The Archbishop of Canterbury preached at a service to mark the Anglican Consultative Council meeting in Jamaica at a service in the National Arena in Independence Park, Kingston. Some 8,000 people filled the indoor arena which had been transformed into a liturgical space overnight.
He preached first on the first lesson, Acts 4:23-37 noting that the disciples spoke with such boldness that lives were changed and a new kind of community was born. In the Jerusalem community there was not one needy person – when the Spirit comes and the word is spoken the church is a community where there are no persons in need. He asked if ours is a community in which there are still people in need and answered, of course, yes. We are still on the way to becoming the church God wants us to be. Are we, Archbishop Rowan asked, prepared to be a Christian community where there is no-one in need. Including LGBT people, I thought to myself.
Needs go deeper than the material he continued. We need forgiveness, reconciliation, justice. Those who are hungry and thirsty for justice are blessed. Are we as a Communion meeting one another’s need for a word of hope or reconciliation? Who needs my forgiveness? Who am I hungry to hear a word of hope from? These words felt personal and challenging.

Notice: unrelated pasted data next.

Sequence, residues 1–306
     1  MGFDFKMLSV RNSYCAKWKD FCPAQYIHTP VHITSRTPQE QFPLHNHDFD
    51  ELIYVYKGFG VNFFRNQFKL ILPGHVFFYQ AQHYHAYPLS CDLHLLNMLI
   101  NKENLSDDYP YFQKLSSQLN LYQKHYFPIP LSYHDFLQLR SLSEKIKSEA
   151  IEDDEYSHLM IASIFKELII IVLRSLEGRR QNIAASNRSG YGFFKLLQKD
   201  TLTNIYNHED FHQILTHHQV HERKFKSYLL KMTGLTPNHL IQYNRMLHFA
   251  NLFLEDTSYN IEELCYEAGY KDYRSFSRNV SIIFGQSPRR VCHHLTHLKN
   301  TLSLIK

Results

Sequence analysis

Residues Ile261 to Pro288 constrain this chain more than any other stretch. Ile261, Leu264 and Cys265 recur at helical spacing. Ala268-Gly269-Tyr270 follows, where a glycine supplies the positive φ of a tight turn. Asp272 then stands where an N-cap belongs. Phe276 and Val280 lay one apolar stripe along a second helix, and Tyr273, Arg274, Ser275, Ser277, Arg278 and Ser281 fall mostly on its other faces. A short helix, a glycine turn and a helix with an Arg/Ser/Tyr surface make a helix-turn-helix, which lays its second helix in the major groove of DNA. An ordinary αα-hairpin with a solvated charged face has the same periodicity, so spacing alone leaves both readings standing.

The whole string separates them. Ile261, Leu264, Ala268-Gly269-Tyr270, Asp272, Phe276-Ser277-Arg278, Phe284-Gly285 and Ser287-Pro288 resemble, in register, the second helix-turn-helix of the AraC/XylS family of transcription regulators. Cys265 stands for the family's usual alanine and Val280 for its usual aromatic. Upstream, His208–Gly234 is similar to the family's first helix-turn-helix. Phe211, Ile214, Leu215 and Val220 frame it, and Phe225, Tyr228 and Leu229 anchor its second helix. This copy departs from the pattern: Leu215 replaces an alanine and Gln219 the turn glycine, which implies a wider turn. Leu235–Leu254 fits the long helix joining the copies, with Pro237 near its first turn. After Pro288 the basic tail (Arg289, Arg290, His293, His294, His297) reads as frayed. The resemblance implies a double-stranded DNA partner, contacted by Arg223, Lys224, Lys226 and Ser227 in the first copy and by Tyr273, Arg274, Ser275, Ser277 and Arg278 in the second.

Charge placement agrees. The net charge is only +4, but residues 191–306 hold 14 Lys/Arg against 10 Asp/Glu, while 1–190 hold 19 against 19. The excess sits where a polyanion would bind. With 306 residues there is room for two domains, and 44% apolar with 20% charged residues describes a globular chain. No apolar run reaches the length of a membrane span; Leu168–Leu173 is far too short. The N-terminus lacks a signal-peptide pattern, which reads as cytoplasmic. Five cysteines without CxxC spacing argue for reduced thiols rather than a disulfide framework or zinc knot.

Turning to the gospel, John 10:11-16, Archbishop Rowan said God has met our need by putting himself completely at our service. So that we may live, God holds nothing back, pouring himself out. The hunger and need of the world are met by the gift of ourselves in prayer and love, if we take the great risk of letting go of what feels safe. Sadly, what we tend to do in conflict with others is say that I am right, which makes me feel safe.
In the Eucharist we bring the passionate, devouring hunger of human beings to hear the word of hope. We go out from the Eucharist committed to feed others from the food we have received. We take into our hearts and lives the promise of the Good Shepherd.
I heard a sermon preached to all of us who long for universal justice and love in the world and in our Communion, justice for the poor and hungry as well as justice for the oppressed and marginalised, the excluded and vulnerable, the lesbian, gay, bisexual and transgender members of our Communion as well as the members of GAFCON, ACNA, Anglican Mainstream and the American Anglican Council.